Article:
Opinion / From Overseas Press

Positive catalyst for Africa

(China Daily) Updated: 2012-05-16 08:10

Some of the major criticisms of contemporary Sino-African ties don't hold water at all, says a report released by Standard Bank in South Africa. Excerpts below:

China has shuffled the relative importance of certain political and economic tools, and offered a different style of engagement with Africa. China's bilateral engagements should be seen as a positive-sum catalyst for African governments to further their own economies and diversify their relations.

Despite widespread views to the contrary, China is not offering an entirely different ideology to the "Washington Consensus" for Africa. Marketization has been a vital ingredient in China's own development strides; no nation has improved its level of economic freedom as swiftly. China's macroeconomic success indicates that more freedom leads to more growth, but stagnant freedom leads to stagnant growth. The weight of commodities in Africa's exports is high in China-Africa trade. However, it is equally high for each of Africa's major export destinations. This questions Africa's level of economic diversity and industrialization.

For now, natural resources remain Africa's core competitive advantage in global trade. Africa must capture and allocate associated revenues in ways that enhance productivity, promote economic diversification and industrialization, and improve living standards. In the meantime, China adds diversity and resilience to Africa's economic thrust and global emergence.

Low-cost products are offering stiff competition to Africa's juvenile manufacturing sector. The important challenge facing the continent is not unique to Africa. For instance, in intra-BRIC trade, the composition of Chinese trade is consistent with Africa's experience. Individual African countries need to be smarter and strategic in building complementary competency with China's that attaches to global supply chains. The lop-sided distribution of economic power, of China over Africa, means that China does have an advantage in negotiating the rules of engagement. However, local considerations have gained traction through learning-by-doing. Meanwhile, China's investment and trade encourage Africa's economic growth, which has altered the way in which the rest of the world views prospects on the continent and Africa's own expectations.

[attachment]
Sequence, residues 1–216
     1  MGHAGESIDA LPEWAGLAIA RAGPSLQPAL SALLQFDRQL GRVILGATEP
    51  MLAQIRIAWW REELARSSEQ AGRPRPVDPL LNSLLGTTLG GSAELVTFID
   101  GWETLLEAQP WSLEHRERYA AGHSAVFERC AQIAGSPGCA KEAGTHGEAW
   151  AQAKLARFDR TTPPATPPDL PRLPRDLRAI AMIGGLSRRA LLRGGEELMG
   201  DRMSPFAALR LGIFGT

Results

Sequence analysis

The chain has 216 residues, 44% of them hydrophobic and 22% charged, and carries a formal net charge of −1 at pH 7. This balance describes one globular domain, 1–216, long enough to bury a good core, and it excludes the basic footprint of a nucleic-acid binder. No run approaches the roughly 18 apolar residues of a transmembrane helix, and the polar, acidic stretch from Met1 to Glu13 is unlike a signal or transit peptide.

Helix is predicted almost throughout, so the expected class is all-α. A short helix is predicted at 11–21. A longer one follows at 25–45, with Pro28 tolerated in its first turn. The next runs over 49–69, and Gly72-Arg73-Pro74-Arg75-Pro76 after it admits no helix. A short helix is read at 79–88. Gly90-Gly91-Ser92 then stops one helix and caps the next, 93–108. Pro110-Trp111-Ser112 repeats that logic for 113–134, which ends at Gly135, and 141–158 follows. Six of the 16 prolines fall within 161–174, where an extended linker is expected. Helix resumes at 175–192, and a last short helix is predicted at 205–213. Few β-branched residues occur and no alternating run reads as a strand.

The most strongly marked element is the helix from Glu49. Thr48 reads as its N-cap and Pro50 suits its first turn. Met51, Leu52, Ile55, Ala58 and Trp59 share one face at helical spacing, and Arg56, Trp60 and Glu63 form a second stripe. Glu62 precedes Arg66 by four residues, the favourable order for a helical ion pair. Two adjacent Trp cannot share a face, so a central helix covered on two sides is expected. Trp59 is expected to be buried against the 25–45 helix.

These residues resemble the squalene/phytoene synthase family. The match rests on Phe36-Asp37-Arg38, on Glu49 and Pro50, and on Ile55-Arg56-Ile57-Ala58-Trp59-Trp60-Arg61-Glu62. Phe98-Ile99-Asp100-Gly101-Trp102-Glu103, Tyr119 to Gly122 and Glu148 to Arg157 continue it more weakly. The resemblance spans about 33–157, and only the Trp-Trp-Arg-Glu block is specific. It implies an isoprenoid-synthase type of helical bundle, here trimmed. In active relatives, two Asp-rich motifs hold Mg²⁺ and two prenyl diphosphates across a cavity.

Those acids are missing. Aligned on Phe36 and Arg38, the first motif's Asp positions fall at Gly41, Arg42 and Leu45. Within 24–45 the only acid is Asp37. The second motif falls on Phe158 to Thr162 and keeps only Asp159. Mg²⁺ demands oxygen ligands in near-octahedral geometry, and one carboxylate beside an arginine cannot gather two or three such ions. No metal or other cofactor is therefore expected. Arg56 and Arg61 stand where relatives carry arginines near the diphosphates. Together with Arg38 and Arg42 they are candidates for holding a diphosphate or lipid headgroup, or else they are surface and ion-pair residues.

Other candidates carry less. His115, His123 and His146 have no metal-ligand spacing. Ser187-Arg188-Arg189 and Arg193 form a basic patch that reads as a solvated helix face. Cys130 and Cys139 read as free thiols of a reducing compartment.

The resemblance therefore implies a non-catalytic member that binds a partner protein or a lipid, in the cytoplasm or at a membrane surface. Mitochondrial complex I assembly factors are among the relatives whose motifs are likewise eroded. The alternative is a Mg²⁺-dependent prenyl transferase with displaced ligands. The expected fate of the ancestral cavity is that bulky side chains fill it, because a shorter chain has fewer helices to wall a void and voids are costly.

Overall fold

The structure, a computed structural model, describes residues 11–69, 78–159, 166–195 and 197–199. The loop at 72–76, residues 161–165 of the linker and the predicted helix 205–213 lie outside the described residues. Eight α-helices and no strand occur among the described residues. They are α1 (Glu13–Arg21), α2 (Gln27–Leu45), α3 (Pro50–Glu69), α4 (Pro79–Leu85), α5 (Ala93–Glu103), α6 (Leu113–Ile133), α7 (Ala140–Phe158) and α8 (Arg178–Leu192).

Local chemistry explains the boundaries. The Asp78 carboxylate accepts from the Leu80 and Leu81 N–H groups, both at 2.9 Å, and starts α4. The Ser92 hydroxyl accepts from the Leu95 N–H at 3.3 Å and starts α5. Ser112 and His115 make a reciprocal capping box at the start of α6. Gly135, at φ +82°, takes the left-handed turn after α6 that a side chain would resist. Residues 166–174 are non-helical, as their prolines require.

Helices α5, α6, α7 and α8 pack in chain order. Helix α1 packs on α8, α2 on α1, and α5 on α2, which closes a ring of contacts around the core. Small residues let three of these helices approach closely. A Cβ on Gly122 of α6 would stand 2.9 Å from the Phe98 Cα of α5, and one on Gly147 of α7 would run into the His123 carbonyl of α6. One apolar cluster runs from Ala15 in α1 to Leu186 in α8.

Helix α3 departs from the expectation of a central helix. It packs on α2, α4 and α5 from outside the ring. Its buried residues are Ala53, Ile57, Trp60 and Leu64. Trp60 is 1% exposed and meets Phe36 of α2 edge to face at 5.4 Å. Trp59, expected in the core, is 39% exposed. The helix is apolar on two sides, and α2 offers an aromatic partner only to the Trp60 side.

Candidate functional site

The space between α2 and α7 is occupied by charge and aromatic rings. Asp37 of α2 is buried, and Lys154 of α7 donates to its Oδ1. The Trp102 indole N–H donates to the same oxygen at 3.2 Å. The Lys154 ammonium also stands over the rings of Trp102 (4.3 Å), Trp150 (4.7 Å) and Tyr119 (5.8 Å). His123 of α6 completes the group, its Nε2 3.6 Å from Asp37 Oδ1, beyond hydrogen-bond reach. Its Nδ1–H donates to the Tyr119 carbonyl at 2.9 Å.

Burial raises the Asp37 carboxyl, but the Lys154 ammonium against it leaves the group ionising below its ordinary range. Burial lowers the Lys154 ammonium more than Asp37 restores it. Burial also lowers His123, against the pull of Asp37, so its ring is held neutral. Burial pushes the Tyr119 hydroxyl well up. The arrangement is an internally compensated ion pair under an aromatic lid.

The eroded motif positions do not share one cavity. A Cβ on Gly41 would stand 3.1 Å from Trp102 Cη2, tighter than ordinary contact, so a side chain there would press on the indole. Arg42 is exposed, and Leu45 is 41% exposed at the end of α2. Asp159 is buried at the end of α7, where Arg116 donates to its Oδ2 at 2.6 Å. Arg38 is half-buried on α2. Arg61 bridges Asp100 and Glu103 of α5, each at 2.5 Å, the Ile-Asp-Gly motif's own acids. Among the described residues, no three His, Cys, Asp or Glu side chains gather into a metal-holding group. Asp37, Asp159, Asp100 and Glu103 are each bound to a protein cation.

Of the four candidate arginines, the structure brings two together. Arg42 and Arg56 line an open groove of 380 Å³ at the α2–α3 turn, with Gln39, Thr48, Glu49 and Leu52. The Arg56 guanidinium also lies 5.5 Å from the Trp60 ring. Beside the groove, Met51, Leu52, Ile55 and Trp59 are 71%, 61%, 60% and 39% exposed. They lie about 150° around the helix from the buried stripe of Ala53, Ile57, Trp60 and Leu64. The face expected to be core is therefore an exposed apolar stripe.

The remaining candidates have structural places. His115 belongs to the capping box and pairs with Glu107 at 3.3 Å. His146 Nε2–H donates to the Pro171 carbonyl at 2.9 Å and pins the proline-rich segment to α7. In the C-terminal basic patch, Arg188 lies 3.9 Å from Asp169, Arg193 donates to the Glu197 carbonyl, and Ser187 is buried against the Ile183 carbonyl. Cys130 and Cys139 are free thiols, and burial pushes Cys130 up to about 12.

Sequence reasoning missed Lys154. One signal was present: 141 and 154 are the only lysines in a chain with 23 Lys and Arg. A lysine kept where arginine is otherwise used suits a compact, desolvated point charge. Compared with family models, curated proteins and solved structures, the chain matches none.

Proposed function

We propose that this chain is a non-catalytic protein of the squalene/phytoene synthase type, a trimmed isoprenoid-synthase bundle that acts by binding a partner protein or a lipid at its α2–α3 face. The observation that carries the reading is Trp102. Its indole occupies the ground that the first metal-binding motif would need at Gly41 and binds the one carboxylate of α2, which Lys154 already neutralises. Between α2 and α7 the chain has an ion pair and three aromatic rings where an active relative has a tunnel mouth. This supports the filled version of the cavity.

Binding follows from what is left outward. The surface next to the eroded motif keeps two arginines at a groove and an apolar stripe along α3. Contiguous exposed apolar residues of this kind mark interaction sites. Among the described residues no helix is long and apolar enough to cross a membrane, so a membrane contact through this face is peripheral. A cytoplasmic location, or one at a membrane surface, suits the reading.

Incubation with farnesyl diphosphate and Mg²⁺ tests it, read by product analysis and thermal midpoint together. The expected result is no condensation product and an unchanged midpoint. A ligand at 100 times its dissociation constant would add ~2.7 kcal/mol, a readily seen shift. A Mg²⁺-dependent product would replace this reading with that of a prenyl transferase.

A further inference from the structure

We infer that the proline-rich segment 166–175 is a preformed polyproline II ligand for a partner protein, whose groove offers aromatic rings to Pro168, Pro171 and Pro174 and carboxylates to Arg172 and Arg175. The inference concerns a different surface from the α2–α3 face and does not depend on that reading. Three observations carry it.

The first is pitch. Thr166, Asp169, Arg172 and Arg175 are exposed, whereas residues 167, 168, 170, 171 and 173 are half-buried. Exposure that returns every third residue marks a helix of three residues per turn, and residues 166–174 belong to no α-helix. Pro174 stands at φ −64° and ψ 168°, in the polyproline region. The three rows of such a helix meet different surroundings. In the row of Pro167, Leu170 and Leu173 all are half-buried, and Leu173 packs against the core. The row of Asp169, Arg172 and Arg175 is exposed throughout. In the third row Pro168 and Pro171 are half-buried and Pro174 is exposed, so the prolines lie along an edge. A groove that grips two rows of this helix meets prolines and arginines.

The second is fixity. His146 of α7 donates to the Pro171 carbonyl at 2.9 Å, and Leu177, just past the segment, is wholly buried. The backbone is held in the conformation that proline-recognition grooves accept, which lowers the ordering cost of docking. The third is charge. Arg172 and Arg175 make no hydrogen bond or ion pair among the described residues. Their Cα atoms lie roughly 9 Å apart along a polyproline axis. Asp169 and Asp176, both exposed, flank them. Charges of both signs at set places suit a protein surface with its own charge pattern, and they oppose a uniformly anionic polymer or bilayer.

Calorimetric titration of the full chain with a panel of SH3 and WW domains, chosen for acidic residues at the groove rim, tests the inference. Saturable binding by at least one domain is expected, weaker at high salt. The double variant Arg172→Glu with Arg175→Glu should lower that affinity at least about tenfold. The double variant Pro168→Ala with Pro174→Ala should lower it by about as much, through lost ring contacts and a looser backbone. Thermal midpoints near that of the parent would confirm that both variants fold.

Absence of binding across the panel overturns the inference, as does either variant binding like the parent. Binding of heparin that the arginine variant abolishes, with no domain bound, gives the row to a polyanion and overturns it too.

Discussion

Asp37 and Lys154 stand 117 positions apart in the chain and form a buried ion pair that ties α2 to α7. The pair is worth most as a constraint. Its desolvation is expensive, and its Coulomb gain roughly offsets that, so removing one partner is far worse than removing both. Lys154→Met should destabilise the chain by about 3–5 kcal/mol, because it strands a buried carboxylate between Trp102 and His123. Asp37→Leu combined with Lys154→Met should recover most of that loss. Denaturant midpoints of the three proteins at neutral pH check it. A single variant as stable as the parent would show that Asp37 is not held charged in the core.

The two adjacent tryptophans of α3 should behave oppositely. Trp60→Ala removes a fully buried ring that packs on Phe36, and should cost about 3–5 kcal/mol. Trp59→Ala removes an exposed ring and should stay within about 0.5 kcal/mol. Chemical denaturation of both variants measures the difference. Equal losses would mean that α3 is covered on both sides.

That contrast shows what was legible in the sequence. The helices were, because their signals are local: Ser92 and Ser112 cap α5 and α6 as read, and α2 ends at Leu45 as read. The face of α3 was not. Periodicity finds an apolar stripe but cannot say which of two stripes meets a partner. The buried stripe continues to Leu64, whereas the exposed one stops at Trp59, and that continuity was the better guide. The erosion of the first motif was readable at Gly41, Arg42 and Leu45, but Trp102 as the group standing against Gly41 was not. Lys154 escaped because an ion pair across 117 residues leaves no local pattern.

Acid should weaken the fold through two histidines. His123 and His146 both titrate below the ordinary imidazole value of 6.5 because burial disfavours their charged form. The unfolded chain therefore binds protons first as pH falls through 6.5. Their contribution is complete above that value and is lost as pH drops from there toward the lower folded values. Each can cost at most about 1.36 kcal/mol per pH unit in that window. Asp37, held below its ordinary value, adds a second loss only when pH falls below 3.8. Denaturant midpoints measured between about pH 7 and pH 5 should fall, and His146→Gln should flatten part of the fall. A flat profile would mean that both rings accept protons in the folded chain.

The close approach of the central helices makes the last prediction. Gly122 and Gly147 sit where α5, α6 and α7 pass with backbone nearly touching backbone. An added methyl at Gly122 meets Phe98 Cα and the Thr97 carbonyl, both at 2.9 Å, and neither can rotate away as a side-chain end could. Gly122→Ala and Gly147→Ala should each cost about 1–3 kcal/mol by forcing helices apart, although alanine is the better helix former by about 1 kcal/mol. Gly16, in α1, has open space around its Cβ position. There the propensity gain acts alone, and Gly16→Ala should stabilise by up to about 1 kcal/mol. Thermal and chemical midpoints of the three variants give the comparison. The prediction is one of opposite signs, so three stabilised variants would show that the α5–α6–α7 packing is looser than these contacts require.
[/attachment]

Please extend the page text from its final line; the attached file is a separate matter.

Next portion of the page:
China is not squeezing traditional partners out. In terms of FDI stock and flows, China trails advanced economies and faces stiff competition from other emerging markets. The charge is not only that Chinese support provides fertile soil for poor governance and corruption, but also that the country is free-riding on Africa's past debt relief, adding new layers of additional debt. However, China is a small lender on the continent; Russia forgave $20 billion in Cold War-related debt in 2008. China is offering a different style and tone of engagement with African states. The truth of China's integration and lessons it may equivocate are less mutually exclusive than many superficially envision. China's bilateral investment and trade with Africa should be seen as an enabler for African governments to further their own economies and develop their own brand of development ideology that builds on the current development discourse and empirical evidence.

Expounding intellectual effort to create an institutionally endorsed framework to ensure that Africa benefits from what is undeniably a sea change in attitude towards Africa has overwhelming positive prospects. Granted, the speed of China-African integration has caused some interesting imbalances and challenges. However, that is natural. The policy calculus must withdraw from ideological meandering and target pragmatic solutions, in which an institutionally enforced multilateral agenda punctuates this interesting time for the continent.

(China Daily 05/16/2012 page9)

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